The College Squash Association (CSA) is the governing body overseeing men’s and women’s intercollegiate varsity squash in the United States.
To foster national intercollegiate varsity squash competition in service to elevating the values of sportsmanship, integrity and fair-play for all student-athletes, coaches, and their affiliated institutions, encouraging academic excellence and increasing the opportunities to play college squash.
In March of 1931, the men’s Intercollegiate Squash Racquets Association, later known as the National Intercollegiate Squash Racquets Association (NISRA), was founded. This association, which eventually became the Men’s Collegiate Squash Association (MCSA), was initially led by students. In the 1950s, control of the association was transferred to coaches. The U.S Women’s Intercollegiate Squash Racquets Association, which later became the Women’s College Squash Association (WCSA), was established in 1970.
In May 2017, the WCSA and MCSA dissolved as independent organizations and reformed under a single organization, the Intercollegiate Squash Association, doing business as the CSA. In December 2022, CSA became an independently-managed subsidiary of US Squash, a new corporate structure that formally affiliates squash’s national governing body and its collegiate governing body.
- 2023: the International Olympic Committee (IOC) announces squash will make its Olympic debut in LA28, with college squash poised to serve as a key Olympic training ground for elite athletes around the world.
- 2022: US Squash and CSA enter into a historic alignment and restructuring, creating a united pathway to sustained success for squash on campus and robust growth for squash overall.
- 2011 – 2022: Eight varsity programs are added to the CSA league, including Columbia University (2011), Drexel University (2012), Dickinson College (2015), Bard College (2017), University of Virginia (2017), Chatham University (2018), Denison University (2022), and Georgetown University (2022).
- 2015: For the first time ever, the Potter Cup (men’s national team championship) is contested between two non-Ivy League Schools, Trinity College and St. Lawrence University. In addition, it marked the first time two Division III colleges met to compete for the title.
- 2015: Amanda Sobhy (Harvard University) becomes the second women’s player to win four consecutive intercollegiate singles titles.
- 2012: Trinity’s 252 match winning streak, the longest winning streak in the history of varsity intercollegiate sports in the United States, ends.
- 2009: Men’s and Women’s college squash adopts point-a-rally scoring to 11 points.
- 2006: Yasser El-Halaby (Princeton University) becomes the first men’s player to win four consecutive intercollegiate singles titles.
- 2003: The women split the 64-person individual singles championship into two draws: A Draw (players seeded 1-32) and B Draw (players seeded 33-64). The A Draw is named in honor of Gail Ramsay, who played at Pennsylvania State University, and the B Draw is named for Demer Holleran, who played at Princeton University. The men establish a second draw at the individual tournament. It is named in honor of Albert Molloy, Jr., the longtime coach of UPenn.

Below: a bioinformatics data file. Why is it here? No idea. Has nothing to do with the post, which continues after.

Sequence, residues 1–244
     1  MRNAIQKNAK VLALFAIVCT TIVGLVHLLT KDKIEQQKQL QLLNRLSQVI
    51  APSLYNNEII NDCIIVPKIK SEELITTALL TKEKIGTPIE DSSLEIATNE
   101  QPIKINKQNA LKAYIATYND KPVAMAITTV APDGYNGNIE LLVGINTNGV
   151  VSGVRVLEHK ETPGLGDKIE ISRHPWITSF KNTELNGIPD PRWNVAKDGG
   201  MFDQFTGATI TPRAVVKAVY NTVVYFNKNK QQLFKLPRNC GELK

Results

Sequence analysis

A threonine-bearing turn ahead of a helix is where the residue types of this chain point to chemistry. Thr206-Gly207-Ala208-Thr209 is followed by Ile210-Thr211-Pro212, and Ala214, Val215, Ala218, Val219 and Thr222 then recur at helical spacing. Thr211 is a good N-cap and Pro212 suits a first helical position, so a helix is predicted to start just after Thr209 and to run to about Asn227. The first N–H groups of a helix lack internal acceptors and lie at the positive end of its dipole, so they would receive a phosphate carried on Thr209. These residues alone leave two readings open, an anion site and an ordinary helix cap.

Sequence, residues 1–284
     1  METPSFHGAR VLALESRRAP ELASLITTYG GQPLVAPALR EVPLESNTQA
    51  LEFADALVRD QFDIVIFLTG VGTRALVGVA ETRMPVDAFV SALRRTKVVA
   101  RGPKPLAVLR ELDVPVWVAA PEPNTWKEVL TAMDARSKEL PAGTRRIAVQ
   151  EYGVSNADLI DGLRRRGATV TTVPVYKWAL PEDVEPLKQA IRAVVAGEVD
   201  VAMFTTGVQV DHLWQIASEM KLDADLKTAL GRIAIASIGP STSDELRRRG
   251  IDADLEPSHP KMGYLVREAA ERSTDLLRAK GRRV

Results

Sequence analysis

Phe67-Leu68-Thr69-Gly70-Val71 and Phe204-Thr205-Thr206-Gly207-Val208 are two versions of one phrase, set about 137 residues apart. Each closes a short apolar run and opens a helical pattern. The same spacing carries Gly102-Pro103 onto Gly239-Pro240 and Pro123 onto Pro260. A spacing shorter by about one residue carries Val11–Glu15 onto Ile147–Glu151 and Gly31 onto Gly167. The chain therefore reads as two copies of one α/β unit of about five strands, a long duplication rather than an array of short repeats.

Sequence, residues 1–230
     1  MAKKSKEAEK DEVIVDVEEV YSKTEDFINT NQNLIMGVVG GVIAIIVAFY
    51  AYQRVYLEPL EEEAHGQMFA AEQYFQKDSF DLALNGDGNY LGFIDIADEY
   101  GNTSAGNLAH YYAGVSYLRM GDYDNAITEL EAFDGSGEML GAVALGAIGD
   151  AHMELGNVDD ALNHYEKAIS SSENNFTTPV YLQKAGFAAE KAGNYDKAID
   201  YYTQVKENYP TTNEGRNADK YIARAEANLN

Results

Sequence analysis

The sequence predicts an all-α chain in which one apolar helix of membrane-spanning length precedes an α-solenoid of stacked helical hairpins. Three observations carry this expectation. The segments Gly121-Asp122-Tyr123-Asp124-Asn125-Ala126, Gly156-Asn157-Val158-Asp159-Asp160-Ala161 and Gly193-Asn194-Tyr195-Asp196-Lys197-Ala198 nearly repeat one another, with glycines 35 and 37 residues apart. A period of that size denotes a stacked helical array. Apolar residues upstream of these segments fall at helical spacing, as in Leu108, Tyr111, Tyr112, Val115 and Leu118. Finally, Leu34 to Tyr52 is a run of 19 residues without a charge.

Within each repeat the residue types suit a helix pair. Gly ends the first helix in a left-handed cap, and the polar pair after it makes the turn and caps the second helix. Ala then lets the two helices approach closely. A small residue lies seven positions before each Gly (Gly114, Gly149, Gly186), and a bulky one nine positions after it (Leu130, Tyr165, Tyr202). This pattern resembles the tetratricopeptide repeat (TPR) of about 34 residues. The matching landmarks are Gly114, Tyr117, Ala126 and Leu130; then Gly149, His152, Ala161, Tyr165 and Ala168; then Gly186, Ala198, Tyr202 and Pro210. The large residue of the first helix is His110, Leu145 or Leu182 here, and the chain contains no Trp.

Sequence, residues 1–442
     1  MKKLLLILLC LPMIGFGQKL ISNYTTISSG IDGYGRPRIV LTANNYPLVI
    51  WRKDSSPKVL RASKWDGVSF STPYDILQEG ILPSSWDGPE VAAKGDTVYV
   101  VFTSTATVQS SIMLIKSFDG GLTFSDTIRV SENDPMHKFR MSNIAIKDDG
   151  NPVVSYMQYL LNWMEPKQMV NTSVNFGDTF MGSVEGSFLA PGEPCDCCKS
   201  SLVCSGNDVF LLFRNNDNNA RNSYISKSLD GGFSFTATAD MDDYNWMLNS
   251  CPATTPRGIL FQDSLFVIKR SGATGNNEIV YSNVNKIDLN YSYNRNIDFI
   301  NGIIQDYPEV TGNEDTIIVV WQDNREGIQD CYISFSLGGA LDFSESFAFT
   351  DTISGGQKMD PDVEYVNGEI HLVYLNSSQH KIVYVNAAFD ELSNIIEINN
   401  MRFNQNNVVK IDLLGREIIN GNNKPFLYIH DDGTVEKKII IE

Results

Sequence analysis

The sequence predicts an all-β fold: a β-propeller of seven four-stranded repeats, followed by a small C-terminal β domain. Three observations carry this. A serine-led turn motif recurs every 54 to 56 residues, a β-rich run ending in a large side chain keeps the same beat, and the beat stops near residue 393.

- 2002: Trinity College becomes the first non-Ivy League school to capture the women’s team championship.
- 2002: The National Intercollegiate Squash Racquets Association (NISRA) and the Women’s Intercollegiate Squash Association partner to operate under a collective name as the College Squash Association (CSA). Men’s and Women’s college squash continue to operate independent of one another.
- 2001: Men’s college squash changes its scoring methods from point-a-rally to 15 to nine-point international scoring.
- 1998: Women’s college squash adds B, C, and D draws to its national team tournament.
- 1994: Women’s squash changes its scoring methods from point-a-rally to 15 to nine-point international scoring.
- 1994: Men’s squash changes from the hardball to the softball.
- 1993: Women’s squash changes from the hardball to the softball.
- 1989: Men’s college squash establishes a team tournament to decide the national title.
- 1980: Gail Ramsay, a Pennsylvania State University student, becomes the first player to win four intercollegiate singles titles.
- 1973: Princeton University wins the inaugural women’s national intercollegiate team tournament (Howe Cup).
- 1972: Princeton University coach Betty Howe Constable, Vassar coach Betty Richey, and University of Pennsylvania coach Ann Wetzel organize the United States Women’s Intercollegiate Squash Racquets Association (USWISRA), later known as the Women’s Intercollegiate Squash Association (WISA). The Association eventually becomes the Women’s College Squash Association (WCSA).
- 1969: Men’s intercollegiate squash expands the Four-Man Trophy competition to include six players, and thus becomes known as the Six-Man Trophy.
- 1965: The first women’s intercollegiate singles championship is held at Wellesley College. Katherine Allabough of Vassar wins the inaugural event.
- 1957: The United States Naval Academy becomes the first non-Ivy League school to capture the men’s team title.
- 1956: Men’s intercollegiate squash adds a team component to its individual tournament, establishing the Four-Man Trophy.
- 1942: By winning the regular season, Princeton University captures the first men’s national team title.
- 1932: The first men’s intercollegiate singles tournament is held. Beekman Pool (Harvard University) wins the tournament.
- 1931: The Intercollegiate Squash Racquets Association, later known as the National Intercollegiate Squash Racquets Association (NISRA), is founded. This association eventually becomes the Men’s College Squash Association (MCSA).